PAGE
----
- Sergei Skripal and daughter Yulia critically ill in intensive care
- Boris Johnson says ‘no attempt to take innocent life on UK soil will go unpunished’
- Former associate of Litvinenko: ‘This has all the hallmarks of a Putin assassination’
- Ex counter-terrorism head: ‘UK Russia bi-lateral relations are at breaking point’
- One member of emergency services in hospital following incident
- Counter Terrorism Policing take over investigation
- Bishop’s Mill pub and Zizzi restaurant ‘secured’ as part of investigation
- Russian Embassy accuses UK Government of anti-Russian campaign
- UK Government to hold emergency Cobra meeting
The suspected poisoning of a Russian MI6 spy and his daughter has sparked a diplomatic row between Moscow and London after Britain warned of a “robust” response if the Kremlin was behind the mysterious illness.
Sergei Skripal, 66, is in intensive care along with his daughter Yulia, 33, after the pair were found unconscious outside the Maltings shopping centre on Sunday, after exposure to an unknown substance.
Samples from the scene are being tested at Porton Down, Britain’s military research laboratory, and results have yet to be publicly revealed. The Sun on Tuesday night reported thallium - the “poisoner’s poison” - was found.
Foreign Secretary Boris Johnson said while the authorities “don’t know exactly what has taken place” it looks as if it is “another crime in the litany of crimes that we can lay at Russia’s door”.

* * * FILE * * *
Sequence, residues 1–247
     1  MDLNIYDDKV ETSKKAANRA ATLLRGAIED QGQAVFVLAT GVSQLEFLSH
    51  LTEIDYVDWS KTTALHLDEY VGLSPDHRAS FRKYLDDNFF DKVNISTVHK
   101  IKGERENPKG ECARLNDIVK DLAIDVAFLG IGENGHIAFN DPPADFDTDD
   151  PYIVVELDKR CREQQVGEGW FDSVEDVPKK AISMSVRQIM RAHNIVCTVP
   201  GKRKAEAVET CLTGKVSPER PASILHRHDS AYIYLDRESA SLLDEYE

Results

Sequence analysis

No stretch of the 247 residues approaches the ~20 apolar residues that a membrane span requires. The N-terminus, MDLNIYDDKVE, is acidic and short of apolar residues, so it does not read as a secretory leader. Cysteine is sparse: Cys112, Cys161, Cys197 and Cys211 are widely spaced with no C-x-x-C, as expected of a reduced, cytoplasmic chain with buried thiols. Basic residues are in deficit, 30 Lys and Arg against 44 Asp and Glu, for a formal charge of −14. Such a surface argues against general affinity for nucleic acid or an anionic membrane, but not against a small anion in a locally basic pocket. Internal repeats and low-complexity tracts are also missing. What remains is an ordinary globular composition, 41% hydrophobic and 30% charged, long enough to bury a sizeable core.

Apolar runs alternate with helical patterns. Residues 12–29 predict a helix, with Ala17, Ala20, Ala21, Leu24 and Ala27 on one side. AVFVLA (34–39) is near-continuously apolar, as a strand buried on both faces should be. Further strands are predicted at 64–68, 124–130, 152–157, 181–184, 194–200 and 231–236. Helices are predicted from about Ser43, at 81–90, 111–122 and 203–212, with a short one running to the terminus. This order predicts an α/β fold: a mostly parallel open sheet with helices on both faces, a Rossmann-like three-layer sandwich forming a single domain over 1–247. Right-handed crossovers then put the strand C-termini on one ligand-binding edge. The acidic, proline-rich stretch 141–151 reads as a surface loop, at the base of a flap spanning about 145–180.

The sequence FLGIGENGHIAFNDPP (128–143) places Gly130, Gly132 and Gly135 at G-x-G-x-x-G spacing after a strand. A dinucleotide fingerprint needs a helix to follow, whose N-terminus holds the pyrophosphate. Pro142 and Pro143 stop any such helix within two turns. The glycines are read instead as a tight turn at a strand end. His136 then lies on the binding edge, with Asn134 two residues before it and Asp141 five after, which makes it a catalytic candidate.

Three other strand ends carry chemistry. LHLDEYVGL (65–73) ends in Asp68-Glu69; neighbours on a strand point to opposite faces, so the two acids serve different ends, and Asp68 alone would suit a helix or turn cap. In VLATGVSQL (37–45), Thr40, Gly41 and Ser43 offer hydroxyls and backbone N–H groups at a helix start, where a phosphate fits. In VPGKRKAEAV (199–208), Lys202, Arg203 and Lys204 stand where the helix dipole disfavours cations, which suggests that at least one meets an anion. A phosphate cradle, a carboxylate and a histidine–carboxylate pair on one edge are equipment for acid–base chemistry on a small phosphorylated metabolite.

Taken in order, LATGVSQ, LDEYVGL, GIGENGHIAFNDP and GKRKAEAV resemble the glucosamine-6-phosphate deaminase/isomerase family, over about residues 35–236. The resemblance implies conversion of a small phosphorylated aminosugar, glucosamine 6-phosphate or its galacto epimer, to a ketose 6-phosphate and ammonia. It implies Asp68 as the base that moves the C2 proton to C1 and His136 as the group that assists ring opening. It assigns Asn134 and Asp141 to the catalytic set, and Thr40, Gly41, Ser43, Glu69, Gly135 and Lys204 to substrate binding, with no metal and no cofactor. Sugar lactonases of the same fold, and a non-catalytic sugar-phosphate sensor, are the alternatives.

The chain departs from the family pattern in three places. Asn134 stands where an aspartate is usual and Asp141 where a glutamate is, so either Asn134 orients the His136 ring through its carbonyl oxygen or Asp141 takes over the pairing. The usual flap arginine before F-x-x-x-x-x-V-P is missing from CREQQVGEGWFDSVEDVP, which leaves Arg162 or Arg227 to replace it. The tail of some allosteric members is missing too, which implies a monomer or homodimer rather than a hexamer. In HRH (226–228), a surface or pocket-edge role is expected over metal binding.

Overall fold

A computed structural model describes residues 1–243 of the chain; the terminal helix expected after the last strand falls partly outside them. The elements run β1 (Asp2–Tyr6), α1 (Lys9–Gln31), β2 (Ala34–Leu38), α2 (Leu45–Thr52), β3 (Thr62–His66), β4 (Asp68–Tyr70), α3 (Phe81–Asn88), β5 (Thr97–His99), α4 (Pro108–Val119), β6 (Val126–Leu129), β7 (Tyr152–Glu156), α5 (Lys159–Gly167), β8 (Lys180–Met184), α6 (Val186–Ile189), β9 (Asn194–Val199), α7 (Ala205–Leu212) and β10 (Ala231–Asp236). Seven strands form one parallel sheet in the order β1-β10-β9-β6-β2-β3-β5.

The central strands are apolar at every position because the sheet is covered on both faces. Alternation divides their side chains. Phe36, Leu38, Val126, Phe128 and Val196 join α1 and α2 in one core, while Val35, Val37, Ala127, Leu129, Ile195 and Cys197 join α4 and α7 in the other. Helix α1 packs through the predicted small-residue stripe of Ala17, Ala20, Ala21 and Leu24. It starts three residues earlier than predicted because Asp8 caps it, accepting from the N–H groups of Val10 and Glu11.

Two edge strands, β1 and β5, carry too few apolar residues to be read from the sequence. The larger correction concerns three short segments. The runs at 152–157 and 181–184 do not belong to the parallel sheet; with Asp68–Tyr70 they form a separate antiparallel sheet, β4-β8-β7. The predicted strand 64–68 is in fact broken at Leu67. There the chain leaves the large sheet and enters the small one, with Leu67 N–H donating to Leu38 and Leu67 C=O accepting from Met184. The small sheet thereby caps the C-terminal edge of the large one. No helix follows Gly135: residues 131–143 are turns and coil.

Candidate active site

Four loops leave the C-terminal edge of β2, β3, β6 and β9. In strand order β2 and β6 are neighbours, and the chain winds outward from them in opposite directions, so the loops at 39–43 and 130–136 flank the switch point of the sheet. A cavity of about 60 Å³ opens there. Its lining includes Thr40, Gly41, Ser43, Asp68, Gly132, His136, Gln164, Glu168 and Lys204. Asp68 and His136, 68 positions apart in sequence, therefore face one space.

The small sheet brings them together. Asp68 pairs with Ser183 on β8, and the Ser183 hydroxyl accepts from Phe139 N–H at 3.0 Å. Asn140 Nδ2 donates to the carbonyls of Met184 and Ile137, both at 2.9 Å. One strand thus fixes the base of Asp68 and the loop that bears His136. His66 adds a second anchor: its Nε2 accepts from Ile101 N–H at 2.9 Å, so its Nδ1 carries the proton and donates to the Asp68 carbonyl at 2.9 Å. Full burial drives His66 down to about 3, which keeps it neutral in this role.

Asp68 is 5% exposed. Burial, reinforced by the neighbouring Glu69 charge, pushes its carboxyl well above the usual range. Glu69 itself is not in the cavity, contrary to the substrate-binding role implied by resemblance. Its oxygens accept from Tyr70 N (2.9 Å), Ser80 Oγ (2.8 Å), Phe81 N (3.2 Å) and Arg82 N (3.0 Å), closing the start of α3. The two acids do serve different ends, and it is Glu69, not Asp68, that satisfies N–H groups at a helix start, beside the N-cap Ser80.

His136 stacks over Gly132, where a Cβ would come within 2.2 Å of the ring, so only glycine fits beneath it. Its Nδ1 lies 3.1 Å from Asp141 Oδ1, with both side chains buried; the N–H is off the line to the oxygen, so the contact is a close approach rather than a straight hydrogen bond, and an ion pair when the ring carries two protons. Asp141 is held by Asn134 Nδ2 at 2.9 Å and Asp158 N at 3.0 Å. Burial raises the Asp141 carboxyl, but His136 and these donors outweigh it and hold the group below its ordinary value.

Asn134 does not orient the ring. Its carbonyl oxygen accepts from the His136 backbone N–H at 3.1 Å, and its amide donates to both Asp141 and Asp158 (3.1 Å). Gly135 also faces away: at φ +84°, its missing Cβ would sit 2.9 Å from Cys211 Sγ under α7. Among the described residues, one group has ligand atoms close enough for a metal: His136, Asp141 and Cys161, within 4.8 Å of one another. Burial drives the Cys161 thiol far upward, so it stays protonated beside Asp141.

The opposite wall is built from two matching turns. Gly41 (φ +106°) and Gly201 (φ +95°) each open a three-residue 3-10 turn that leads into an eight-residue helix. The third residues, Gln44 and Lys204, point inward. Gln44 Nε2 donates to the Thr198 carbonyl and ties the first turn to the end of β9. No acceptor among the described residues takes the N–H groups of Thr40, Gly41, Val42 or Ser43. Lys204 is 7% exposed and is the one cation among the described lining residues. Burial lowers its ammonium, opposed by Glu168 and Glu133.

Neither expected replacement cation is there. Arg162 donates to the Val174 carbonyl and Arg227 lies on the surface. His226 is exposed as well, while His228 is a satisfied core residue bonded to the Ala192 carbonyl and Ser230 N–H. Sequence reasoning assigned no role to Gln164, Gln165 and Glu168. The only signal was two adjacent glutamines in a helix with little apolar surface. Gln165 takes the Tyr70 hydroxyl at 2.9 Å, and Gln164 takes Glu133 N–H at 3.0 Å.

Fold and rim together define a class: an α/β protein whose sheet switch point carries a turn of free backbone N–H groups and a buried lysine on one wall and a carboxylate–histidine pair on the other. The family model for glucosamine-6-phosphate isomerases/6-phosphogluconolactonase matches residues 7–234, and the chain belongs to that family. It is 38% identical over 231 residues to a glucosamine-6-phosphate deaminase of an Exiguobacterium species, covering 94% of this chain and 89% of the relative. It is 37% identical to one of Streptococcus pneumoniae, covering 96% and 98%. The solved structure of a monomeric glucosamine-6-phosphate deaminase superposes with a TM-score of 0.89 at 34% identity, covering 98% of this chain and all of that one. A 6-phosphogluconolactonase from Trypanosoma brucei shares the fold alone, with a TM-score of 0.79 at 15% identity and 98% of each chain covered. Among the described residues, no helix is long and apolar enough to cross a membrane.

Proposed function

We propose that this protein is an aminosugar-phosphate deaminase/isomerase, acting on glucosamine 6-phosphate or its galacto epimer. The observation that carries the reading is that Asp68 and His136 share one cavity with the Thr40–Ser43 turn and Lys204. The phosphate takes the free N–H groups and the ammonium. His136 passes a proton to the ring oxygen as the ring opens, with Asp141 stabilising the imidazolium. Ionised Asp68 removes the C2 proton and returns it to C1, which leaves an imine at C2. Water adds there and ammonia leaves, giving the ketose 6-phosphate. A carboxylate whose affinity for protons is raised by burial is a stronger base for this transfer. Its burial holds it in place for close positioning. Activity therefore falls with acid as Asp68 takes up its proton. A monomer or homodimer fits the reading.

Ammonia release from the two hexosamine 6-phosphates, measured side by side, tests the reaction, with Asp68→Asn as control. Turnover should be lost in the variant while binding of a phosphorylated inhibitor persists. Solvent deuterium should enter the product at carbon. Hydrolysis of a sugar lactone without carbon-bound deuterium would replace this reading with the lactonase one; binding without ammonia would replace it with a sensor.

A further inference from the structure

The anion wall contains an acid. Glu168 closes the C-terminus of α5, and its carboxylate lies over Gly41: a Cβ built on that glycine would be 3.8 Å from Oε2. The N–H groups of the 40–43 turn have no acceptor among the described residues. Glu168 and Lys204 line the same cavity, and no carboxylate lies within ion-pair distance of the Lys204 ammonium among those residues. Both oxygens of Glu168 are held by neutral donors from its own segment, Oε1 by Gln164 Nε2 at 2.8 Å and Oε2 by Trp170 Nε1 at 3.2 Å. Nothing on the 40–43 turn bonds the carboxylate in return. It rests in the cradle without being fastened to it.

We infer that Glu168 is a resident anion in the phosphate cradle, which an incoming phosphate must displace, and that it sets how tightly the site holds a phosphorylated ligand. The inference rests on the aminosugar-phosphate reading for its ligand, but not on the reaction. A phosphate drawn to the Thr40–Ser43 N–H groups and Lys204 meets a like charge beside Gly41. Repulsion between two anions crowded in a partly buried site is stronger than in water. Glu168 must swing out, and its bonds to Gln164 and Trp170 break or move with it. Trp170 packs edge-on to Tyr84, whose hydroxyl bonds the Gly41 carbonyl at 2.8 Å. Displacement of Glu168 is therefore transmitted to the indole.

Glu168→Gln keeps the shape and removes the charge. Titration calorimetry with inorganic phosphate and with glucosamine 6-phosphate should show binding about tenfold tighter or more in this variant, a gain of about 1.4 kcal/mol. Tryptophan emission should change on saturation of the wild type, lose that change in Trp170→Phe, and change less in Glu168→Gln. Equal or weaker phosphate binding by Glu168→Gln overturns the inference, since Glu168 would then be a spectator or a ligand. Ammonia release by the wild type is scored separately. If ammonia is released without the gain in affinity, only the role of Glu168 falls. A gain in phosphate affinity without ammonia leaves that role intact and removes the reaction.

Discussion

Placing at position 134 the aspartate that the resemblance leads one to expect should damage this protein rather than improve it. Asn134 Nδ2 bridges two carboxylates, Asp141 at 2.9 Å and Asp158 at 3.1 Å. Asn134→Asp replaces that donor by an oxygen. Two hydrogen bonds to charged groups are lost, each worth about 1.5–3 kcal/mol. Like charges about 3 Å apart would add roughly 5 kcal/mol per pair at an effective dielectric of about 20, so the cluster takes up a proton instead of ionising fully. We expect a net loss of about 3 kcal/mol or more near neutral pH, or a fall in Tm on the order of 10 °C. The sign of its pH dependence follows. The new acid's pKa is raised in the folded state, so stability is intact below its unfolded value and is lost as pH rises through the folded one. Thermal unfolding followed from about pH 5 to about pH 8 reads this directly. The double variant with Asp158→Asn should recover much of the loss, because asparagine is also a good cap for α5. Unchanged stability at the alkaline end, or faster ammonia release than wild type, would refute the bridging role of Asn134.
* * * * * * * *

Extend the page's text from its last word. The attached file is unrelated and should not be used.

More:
Speaking to parliament, Johnson described Russia as a “malign and disruptive force” and told MPs that “no attempt to take innocent life on UK soil will go unsanctioned or unpunished.” He added the case had “echoes of the death of Alexander Litvinenko in 2006”.
A Russian Foreign Ministry spokeswoman said Johnson’s comments were “wild”, and Russia’s embassy in London said it was seriously concerned by British media reporting that was demonising the country. It accused Johnson of reading a “script of yet another anti-Russian campaign”.
Underlining how seriously the UK Government is taking the issue, Prime Minister Theresa May was briefed at a meeting of the National Security Council on the investigation and Home Secretary Amber Rudd will chair a meeting of the emergency committee Cobra on Wednesday morning to discuss the incident in Salisbury.
In Wiltshire, as the investigation widened on Tuesday night, at least two people left a contamination tent inside a police cordon wearing protective suits and gas masks.
Zizzi restaurant has now been shut for 24 hours by police, who said the move was a “precaution” on Monday night.
Yulia Skripal was named as one of the victims for the first time on Tuesday. According to the BBC, she lives in Russia but was visiting the UK, and her relatives have not heard from her for two days.
A former associate of murdered ex-KGB agent Litvinenko, who died after being poisoned by radioactive polonium-210, has alleged the incident in Salisbury bears the hallmarks of a state-ordered assassination.
Yuri Felshtinsky co-authored a 2001 book with Litvinenko five years before he was poisoned in a plot which an official inquiry concluded had probably been authorised by the Russian president, Vladimir Putin.
Felshtinsky said in a statement: “Poisoning is the method of choice for the FSB. In the context of the Russian presidential election this has all hallmarks of a Putin assassination. He is warning anyone in the FSB never to defect as they’ll be hunted down and killed.